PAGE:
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Miller v. City

Court of Appeals of Utah

April 13, 2017

Samantha Miller, Appellant,
v.
West Valley City, Appellee.

         Third District Court, Salt Lake Department The Honorable Richard D. McKelvie No. 140903126

          Ryan J. Schriever, Attorney for Appellant

          J. Eric Bunderson, Claire Gillmor, Brandon M. Hill, and Adrienne H. Bossi, Attorneys for Appellee

          Judge Kate A. Toomey authored this Opinion, in which Judges J. Frederic Voros Jr. and Stephen L. Roth concurred.

          OPINION

          TOOMEY, JUDGE.

         ¶1 This appeal involves an accident in a West Valley City (WVC) swimming pool during which appellant Samantha Miller was injured. Miller sued WVC, and the district court dismissed the case. We must decide whether the court properly granted WVC's rule 12(b)(6) motion to dismiss for failure to state a claim upon which relief may be granted. We conclude that it did and therefore affirm.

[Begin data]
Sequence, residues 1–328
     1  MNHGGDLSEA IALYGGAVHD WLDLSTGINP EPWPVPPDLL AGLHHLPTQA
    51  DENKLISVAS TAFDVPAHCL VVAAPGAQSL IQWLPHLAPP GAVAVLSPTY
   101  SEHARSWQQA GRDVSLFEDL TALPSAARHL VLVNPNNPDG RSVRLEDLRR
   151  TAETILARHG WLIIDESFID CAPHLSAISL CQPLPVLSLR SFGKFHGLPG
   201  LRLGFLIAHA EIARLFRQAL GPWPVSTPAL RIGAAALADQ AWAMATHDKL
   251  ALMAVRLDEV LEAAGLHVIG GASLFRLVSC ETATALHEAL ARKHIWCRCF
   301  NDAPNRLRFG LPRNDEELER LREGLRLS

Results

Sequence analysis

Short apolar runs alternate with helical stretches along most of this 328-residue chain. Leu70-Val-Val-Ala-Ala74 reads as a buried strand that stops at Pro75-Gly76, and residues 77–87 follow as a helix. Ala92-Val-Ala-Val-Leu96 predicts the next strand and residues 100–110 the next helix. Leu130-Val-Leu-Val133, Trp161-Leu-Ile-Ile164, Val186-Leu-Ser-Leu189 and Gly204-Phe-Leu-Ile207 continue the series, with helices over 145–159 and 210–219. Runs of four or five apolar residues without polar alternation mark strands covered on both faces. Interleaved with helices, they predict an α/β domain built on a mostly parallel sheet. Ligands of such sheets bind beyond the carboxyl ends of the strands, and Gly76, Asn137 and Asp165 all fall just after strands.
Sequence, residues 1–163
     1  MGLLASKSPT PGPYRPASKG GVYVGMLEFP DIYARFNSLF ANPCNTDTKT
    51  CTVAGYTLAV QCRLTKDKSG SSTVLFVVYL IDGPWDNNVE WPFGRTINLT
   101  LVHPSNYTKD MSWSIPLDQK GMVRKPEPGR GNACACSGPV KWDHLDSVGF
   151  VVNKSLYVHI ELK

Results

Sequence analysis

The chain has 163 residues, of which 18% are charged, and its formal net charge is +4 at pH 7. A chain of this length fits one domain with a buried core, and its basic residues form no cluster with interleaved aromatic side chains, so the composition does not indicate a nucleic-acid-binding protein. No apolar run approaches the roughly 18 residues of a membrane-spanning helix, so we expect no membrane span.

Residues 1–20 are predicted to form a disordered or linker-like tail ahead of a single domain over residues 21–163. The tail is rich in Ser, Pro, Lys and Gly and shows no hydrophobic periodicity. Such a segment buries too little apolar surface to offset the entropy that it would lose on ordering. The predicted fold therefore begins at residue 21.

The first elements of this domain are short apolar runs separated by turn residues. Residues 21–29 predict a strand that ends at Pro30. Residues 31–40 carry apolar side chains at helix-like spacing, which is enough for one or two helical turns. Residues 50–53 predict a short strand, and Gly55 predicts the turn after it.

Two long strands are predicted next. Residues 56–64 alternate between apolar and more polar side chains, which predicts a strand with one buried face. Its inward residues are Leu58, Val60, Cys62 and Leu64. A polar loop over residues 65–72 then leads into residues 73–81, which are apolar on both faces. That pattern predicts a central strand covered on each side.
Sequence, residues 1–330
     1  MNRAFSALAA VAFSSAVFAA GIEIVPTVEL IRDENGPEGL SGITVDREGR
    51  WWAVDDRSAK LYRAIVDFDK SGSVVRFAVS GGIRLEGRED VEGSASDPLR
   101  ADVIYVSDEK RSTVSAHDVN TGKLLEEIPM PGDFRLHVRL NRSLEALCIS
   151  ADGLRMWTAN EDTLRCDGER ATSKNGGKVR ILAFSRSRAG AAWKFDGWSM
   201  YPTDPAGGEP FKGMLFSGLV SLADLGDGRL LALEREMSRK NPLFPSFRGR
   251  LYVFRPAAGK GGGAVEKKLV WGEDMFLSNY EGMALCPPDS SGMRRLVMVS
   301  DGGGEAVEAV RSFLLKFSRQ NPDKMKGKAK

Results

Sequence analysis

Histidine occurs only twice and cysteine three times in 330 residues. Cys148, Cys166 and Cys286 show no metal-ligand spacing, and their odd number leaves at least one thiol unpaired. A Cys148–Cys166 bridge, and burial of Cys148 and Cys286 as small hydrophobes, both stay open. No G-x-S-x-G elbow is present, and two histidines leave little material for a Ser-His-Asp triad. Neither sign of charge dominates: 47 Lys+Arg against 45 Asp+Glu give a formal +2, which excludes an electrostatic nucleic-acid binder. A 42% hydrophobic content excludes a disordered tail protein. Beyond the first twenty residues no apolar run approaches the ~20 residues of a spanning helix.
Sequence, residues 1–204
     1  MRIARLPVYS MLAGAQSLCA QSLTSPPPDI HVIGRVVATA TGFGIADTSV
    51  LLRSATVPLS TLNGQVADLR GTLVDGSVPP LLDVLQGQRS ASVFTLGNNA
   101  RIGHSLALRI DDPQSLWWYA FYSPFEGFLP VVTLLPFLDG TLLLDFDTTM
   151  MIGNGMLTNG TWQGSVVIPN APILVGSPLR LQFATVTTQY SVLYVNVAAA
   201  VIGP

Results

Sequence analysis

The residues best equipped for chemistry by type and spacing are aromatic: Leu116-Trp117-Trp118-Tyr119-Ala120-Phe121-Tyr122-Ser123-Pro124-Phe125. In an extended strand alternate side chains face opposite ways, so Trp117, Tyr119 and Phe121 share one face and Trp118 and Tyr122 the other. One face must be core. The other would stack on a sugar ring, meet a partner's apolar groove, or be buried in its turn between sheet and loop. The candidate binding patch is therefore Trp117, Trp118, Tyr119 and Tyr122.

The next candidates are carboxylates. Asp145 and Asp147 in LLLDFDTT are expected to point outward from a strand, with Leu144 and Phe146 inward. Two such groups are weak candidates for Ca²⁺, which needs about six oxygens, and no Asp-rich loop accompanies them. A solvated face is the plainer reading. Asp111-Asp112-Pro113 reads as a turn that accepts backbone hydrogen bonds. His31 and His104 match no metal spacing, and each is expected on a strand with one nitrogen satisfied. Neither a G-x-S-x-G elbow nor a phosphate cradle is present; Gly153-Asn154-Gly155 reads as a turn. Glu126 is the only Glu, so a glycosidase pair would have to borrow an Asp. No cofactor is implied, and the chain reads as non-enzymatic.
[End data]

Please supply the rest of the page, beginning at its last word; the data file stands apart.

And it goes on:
BACKGROUND [1]

         ¶2 WVC owns and operates West Valley City Family Fitness Center. In May 2013, Miller was swimming laps in the fitness center pool when some teenage girls came into her lane and "interfere[d] with her laps." Miller alleged the "lifeguard did not take adequate action to remove the girls from the pool." While Miller was doing the backstroke she ran into one of the teenagers, "became disoriented . . . and collided with the [pool] wall." Miller "sustained a closed-head injury, neck injuries and other bodily injuries."

         ¶3 Miller sued WVC asserting premises liability and negligence. She first contended she was an invitee to the fitness center and WVC had "a duty to keep the premises free from hazardous conditions." She further argued that WVC, through its lifeguard employee, "should have known that there was an unreasonably dangerous condition in [her] swimming lane" that she would be unable to see while doing the backstroke and because of this, the condition "was hidden to [her]." She argued WVC owed a duty to warn her of the "hidden or latent hazardous conditions."